Assiduity to The God of War

The year was 1993, and I was sitting next to the waterfall at The Gorge, part of the Summit County Metro Parks. It’s a huge waterfall that’s 420 feet wide, and 60 feet tall. The sound of the rushing water drowns out everything. If you’re talking to somebody, you have to scream. The waterfall is/was intimidating, majestic and I had a deep connection to it because I lived very close by and had walked to it innumerable times. On that day, I was 17 years old and at the time it was the largest waterfall I’d ever seen. To this day, it’s one of my favorites.

On that day, I had been staring at the waterfall for about an hour, when I made the decision. I’d been contemplating this decision for months, but today was the day to make it explicit. To cross the threshold into a different world, with different rules. That day, I decided to be Strait Edge – a lifetime commitment not to drink alcohol, smoke cigarettes, or do drugs.

I walked back to my house, and before I knew it, I was staring into a medicine cabinet mirror, and watched the hair fall from my head. I watched my scalp emerge. I’d never seen it before. It was so tender and pale. It was exhilarating. I shaved my head as a symbol of my dedication to this new philosophy. From now on, I could not partake of earthly pleasures. I could not hide from my emotions and logic by dulling my senses with drugs or alcohol. I had to take responsibility for every sober decision that I made henceforth.

The experience was akin to the Japanese movie Heaven and Earth where Nagao Kagetora, a skillful warrior and provincial administrator, dedicates himself to the god of war to give him the strength to defeat his brother in battle and protect his province Echigo.  He was a dedicated warrior, and they called him The Tiger of Echigo.

Kagetora was already a warrior when he dedicated himself to the god of war. Not unlike Kagetora, I was already a sober individual that had only drank a couple of times, only ever tried one drag of a cigarette at a friends begging behest, and had never tried a single drug. Kagetora was already a warrior, but he knew he needed an edge if he was going to succeed. The same was true for me. I knew that if I was going to build an uncommon life and achieve my goals, I needed an edge. I needed something that would protect me from the temptations of the world. I knew I needed to make a sacrifice to achieve greatness.

I was inspired to write this article because a friend recently posted an old newspaper article which talked about the strait edge movement in North East Ohio where I live. For some, the strait edge movement was cultural and social in nature. It was about being part of something. Not for me. When I saw other strait edge kids on the campus at the University of Akron, I’d stare at them from afar, and look upon them with distrust, perhaps even a bit of disdain. For me, it was never about camaraderie or dedication to a group. To me that always felt like silly reason to be strait edge. Camaraderie is what skinheads and white power types looked for (who we commonly saw at punk rock shows in those days). They wore a uniform, and rolled around together as a group.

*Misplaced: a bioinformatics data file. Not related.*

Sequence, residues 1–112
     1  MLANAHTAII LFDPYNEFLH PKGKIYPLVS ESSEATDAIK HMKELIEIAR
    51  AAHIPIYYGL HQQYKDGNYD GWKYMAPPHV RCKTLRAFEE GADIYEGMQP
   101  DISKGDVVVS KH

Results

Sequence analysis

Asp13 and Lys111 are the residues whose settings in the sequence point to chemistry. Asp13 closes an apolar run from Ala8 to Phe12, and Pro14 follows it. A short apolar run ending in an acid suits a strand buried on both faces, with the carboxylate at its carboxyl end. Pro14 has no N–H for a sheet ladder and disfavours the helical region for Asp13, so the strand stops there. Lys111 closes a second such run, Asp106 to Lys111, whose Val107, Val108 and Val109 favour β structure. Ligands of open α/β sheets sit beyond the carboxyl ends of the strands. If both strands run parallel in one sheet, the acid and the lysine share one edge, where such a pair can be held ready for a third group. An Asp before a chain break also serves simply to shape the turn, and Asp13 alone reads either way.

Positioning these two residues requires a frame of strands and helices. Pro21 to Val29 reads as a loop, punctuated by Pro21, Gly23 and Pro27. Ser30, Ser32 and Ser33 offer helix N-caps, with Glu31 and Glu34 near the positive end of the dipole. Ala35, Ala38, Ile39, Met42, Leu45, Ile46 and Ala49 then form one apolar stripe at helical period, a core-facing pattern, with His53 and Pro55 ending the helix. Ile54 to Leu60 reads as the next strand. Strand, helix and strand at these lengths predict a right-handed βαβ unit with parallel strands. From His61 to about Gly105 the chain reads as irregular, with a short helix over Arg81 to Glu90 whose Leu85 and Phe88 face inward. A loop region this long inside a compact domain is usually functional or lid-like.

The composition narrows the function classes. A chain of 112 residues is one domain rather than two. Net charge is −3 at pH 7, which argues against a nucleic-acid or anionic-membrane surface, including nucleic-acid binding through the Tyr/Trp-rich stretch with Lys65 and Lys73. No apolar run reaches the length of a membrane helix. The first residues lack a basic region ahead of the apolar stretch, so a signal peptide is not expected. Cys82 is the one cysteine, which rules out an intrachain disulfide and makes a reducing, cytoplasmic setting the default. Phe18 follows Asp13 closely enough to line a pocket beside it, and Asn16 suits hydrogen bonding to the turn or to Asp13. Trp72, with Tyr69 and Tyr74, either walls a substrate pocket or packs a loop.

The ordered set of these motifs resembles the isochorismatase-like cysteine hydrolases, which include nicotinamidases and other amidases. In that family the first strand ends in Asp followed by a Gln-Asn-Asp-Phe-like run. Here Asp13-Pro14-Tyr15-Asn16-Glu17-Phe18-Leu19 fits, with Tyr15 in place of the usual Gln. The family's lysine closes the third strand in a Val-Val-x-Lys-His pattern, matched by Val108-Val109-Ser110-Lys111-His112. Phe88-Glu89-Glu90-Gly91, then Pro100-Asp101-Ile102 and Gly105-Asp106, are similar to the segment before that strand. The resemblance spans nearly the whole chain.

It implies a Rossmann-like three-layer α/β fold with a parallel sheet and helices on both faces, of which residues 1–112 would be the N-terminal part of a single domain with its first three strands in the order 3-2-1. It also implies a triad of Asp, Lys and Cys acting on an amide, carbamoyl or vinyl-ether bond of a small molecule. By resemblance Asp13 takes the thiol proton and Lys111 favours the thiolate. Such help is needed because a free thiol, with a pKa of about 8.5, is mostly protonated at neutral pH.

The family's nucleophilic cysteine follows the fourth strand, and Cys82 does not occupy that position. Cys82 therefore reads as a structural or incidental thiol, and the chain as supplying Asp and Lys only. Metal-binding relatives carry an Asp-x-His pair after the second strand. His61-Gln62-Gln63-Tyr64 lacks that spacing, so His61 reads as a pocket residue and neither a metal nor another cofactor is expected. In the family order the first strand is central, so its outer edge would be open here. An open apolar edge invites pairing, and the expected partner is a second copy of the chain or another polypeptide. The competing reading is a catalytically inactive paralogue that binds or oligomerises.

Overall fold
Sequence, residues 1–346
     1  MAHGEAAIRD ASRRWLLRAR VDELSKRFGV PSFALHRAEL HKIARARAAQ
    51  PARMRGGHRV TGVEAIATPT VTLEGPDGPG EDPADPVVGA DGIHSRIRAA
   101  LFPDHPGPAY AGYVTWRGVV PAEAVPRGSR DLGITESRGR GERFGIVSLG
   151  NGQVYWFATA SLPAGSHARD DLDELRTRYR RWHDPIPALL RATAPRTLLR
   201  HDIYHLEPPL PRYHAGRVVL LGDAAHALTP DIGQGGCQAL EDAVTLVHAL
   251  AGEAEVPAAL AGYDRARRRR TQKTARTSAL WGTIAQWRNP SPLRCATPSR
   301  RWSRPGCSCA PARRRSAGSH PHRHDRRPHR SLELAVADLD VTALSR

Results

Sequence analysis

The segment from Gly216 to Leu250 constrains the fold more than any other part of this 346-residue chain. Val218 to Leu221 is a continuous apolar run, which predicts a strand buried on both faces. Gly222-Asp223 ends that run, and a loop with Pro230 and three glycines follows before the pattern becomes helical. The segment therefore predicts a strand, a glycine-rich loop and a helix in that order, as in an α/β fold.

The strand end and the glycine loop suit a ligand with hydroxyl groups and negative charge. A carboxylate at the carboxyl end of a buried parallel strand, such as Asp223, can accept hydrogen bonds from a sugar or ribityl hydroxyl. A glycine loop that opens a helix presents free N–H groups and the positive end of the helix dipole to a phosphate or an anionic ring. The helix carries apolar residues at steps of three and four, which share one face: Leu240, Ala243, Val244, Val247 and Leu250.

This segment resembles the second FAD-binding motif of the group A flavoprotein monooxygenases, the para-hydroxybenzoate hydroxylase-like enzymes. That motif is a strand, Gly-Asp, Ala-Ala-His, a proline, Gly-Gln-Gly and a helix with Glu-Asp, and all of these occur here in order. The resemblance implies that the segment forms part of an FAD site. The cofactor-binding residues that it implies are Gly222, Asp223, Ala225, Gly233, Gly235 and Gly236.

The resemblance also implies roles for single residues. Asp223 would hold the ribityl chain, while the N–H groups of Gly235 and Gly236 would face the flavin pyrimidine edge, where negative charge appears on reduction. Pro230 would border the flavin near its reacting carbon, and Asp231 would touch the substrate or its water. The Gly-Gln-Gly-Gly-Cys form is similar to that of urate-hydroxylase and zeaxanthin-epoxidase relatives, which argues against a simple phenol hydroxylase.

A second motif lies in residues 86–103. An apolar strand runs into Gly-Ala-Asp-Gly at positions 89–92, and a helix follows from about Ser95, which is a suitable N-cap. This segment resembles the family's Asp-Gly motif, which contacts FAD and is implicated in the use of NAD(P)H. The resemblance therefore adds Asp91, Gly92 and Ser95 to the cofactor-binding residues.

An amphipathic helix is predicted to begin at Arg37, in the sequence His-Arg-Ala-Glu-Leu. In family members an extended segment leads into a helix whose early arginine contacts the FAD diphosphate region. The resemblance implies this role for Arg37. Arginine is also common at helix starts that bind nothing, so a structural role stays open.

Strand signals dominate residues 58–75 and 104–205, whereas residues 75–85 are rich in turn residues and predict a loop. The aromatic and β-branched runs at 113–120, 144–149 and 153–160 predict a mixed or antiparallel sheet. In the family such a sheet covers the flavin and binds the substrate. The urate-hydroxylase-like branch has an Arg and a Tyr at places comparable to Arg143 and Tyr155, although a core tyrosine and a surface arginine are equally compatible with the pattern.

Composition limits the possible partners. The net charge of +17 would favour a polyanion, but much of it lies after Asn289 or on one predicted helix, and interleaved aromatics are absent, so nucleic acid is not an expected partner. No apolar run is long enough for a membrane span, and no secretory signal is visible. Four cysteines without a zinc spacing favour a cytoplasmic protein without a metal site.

Not me, I rejected this notion of being part of a group. Before our band would play a show, I would still draw large X’s on the backs of my hands with black permanent marker. It was an outward symbol of being strait edge, but not about converting people. I was happy to talk to anybody about the strait edge philosophy, but it was more akin to monks dedicated to the god of war building their temple on the highest mountain. It was a symbol, a calling, but I did not believe in proselytizing to people, and attempting to convert them.

Fast-forwarding to 2020, I am no longer Strait Edge. I don’t draw X’s on my hands. Those were signs of younger days, but I am still attracted to the idea of sacrificing to learn and achieve. With that, I’ll leave you with what I’m into now days. In September 2019, I decided to do a GoRuck Challenge. Think of it on the level of difficulty of a Marathon, but with way less running and a lot more fear involved. Basically, they give you a starting time and a location and nothing else. You don’t know what’s going to happen. You don’t know how long it will take. But, you’re sure to suffer and do things you didn’t train for.

Mine started at 10 PM at night at Edgewater Park in Cleveland, OH on the water. It was about 40 degrees out, and the rain was blowing so hard that it was perpendicular to the ground. Suffice to say I was scared. I was 44 years old, and I’d trained for about six months. It involved barbell training, carrying heavy sand bags, two a day workouts in the driveway at night after my daughter went to bed, and training on four continents as I traveled heavily for work (Columbia, Bolivia, South Korea, Czech Republic, France, just to name a few). I can’t tell you what happened during the event because the first rule of GoRuck is that you don’t talk about GoRuck, but suffice to say 11 hours and 13 miles of carrying heavy stuff later, the event was over. It was a life changing.

My friend’s article got me thinking deeply about what Strait Edge meant to me and how I think it was different than what it meant to other people. Being Strait Edge for seven years changed my life. It gave me a personal discipline that is difficult to explain to people. It’s paid dividends all of my life and allowed me to get through really tough times (some volunteer like the GoRuck). I think each person has to find their own path, but my commitment to Strait Edge, even though it ended before a full lifetime, protected me during a time in life when people are the most vulnerable to outside influences. For me, it was a long and positive experience. Anyway, that’s what Strait Edge meant to me.

 

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